Mark Pocan and Gwen Moore seek to hold racist president to account
The Cap Times
Congressman Mark Pocan is prepared to hold Donald Trump to account. So, too, is Congresswoman Gwen Moore. These Wisconsin Democrats were among the 95 members of the House who voted last Wednesday to consider a resolution from Congressman Al Green, D-Texas, to impeach Donald Trump for using racist language July 14 to attack four Democratic congresswomen of color.
Most House Democrats, including Speaker Nancy Pelosi, argued for a slower process that would allow congressional inquiries to consider additional evidence of presidential wrongdoing — a process that this week will feature testimony from former special counsel Robert Mueller. The opponents of Green’s proposal prevailed. But, make no mistake, the sense of urgency Pocan and Moore displayed with their votes last week put them on the right side of history.
Mueller’s testimony, especially as it touches on issues such as obstruction of justice, is of consequence. Yet as Green explained, “The Mueller testimony has nothing to do with his bigotry. Nothing. Zero. Nada. We cannot wait. As we wait, we risk having the blood of somebody on our hands — and it could be a member of Congress.”
Not long after the congressman uttered those words, the president doubled down on his attacks on Congresswomen Ilhan Omar, Alexandria Ocasio-Cortez, Ayanna Pressley and Rashida Tlaib. At a rally July 17 in Greenville, North Carolina, Trump announced, “They are always telling us how to run it, how to do this. You know what? If they don’t love it, tell them to leave it.” At the mention of the name of Omar, who came to this country as a refugee from Somalia, wild chants of “send her back” erupted, as a gleeful Trump egged on the crowd.
Trump dismissed Green’s proposal to impeach him as “ridiculous.” In fact, it was a modern variation on a historic article of impeachment against one of the most vile presidents in American history: Andrew Johnson. Faced with objections to his undermining of the post–Civil War work of Reconstruction, his veto of civil rights legislation, and a litany of other concerns regarding his vile statements and obnoxious behavior, Johnson appeared at rallies across the country to rile up his supporters. His language was incendiary. As the University of Virginia’s Miller Center recalls, “Johnson (denounced) the so-called ‘Radical Republicans,’ specifically Representative Thaddeus Stevens, Senator Charles Sumner, and reformer Wendell Phillips, as traitors.”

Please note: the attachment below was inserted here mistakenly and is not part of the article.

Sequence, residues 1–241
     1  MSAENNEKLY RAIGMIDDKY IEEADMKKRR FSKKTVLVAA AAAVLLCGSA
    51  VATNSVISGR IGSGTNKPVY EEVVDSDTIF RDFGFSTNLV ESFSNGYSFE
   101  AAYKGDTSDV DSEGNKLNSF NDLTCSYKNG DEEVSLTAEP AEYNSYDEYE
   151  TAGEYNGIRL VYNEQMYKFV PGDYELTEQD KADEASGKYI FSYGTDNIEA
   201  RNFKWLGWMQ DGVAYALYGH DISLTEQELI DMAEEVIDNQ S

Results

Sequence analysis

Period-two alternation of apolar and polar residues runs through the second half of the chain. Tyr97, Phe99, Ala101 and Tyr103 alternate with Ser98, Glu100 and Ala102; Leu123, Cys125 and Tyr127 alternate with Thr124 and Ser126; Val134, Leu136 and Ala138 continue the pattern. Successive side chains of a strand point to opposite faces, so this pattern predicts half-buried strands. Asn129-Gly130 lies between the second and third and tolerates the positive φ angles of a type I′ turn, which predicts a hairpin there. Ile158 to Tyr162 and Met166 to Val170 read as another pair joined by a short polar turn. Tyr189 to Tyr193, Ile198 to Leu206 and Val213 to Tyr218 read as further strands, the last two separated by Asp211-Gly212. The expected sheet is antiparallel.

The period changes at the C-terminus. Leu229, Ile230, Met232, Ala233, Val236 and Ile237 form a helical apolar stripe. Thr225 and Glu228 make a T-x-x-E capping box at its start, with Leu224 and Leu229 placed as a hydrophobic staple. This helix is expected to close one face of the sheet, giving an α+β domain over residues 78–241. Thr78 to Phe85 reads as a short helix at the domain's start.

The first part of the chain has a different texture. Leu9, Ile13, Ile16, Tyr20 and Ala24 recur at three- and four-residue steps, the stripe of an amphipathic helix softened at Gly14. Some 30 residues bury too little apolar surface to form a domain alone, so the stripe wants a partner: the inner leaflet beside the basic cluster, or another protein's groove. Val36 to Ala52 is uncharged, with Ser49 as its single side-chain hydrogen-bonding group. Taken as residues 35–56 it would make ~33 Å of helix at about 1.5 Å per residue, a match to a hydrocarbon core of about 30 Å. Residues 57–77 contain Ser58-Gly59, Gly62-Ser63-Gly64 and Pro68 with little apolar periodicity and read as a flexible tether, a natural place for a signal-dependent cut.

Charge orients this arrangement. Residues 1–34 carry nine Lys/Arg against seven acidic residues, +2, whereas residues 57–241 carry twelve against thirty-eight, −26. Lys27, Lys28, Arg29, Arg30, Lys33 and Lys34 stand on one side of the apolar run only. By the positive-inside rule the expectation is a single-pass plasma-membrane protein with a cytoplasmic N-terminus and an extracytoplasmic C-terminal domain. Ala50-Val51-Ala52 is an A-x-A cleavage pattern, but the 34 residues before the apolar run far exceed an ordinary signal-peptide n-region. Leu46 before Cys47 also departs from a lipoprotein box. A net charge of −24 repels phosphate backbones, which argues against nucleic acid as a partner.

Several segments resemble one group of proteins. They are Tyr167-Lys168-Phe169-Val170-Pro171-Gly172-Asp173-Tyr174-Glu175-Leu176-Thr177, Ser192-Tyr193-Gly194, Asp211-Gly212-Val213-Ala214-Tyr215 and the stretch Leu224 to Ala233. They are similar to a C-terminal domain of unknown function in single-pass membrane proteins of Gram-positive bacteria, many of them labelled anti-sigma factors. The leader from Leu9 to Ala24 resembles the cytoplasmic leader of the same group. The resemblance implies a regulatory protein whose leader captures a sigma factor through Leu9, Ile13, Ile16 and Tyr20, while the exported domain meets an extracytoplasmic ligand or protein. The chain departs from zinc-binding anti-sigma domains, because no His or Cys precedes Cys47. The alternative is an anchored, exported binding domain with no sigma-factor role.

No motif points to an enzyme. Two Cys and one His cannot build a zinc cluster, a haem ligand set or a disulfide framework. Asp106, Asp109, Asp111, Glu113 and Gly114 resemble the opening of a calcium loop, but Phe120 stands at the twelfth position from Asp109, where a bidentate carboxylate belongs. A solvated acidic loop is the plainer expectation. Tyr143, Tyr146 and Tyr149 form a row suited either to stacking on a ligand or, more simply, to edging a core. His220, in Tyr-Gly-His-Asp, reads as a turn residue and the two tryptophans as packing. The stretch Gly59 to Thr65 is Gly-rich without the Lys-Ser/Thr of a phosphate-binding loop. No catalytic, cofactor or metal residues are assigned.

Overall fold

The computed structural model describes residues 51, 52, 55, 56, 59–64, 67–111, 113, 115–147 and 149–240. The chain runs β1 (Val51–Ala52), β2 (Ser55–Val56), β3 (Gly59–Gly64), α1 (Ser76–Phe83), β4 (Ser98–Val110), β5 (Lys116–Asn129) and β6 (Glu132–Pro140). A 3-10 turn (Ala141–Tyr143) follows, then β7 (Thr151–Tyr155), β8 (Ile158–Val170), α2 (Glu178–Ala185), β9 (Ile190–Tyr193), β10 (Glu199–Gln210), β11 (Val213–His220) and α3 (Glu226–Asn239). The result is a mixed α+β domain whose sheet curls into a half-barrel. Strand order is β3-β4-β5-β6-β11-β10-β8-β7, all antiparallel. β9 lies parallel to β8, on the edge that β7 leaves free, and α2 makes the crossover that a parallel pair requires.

Johnson accused his congressional rivals of “trying to break up the government.” He appealed to soldiers to “stand by me” in his confrontation with his critics, so that, “God being willing, I will kick them out. I will kick them out just as fast as I can.”
On Feb. 24, 1868, the House voted 126-47 for 11 articles of impeachment against Johnson — including Article 10, which charged him with attempting “to bring into disgrace, ridicule, hatred, contempt and reproach, the Congress of the United States.” Johnson would, by a single vote, escape removal from office by the Senate. But the House had done its job. And history reflects far more charitably on the chamber that checked and balanced Johnson, as opposed to the one that allowed the foul pretender to remain in office.
Trump uses different language than Andrew Johnson, But his demonization of his critics, particularly women of color, is straight out of his predecessor’s playbook. And so it was appropriate that Green’s response was straight out of the playbook of the Radical Republicans who challenged Johnson on behalf of racial justice and the republic.
The articles of impeachment against the 17th president of the United States took him to task for “intemperate, inflammatory and scandalous harangues” against members of Congress. He deserved to be impeached for that. And he was.
Trump’s go-back-where-you-came-from racism merits an equal response. The full House refused to provide it. But 95 members of Congress, all of them Democrats, answered the call of constitutional responsibility with their votes on July 17, 2019. It is important to record their choice to take up the issue of impeachment, and to do so for this reason. We know that they acted for different reasons: Some were ready to impeach immediately, some wanted to have the debate, some wanted to ensure that Green’s proposal received proper consideration from the proper committee. What matters is that 95 members refused to go along with the tabling of Green’s resolution.
House Judiciary Committee Chair Jerry Nadler was among those who voted with Pocan and Moore to consider the prospect of impeaching the president on the grounds that he has “brought the high office of the president of the United States in contempt, ridicule, disgrace, and disrepute, has sown seeds of discord among the people of the United States, has demonstrated that he is unfit to be president, and has betrayed his trust as president of the United States to the manifest injury of the people of the United States, and has committed a high misdemeanor in office.”
So did Congressional Black Caucus Chair Karen Bass, D-Calif. Tlaib, a stalwart champion of impeachment, was joined by Ocasio-Cortez, Pressley, and Omar in voting to have the impeachment debate. Maryland Congressman Jamie Raskin, the constitutional scholar who has done so much to put the struggle to impeach Johnson in context, voted with them.
It is important to make note of these votes to take Donald Trump’s racism as seriously as a previous Congress did Andrew Johnson’s racism. Republicans and most Democrats may shirk their constitutional duty. But history will eventually look as favorably on Pocan, Moore and the rest of the courageous 95 who moved to hold Trump to account as it does on those who moved against Johnson 151 years ago.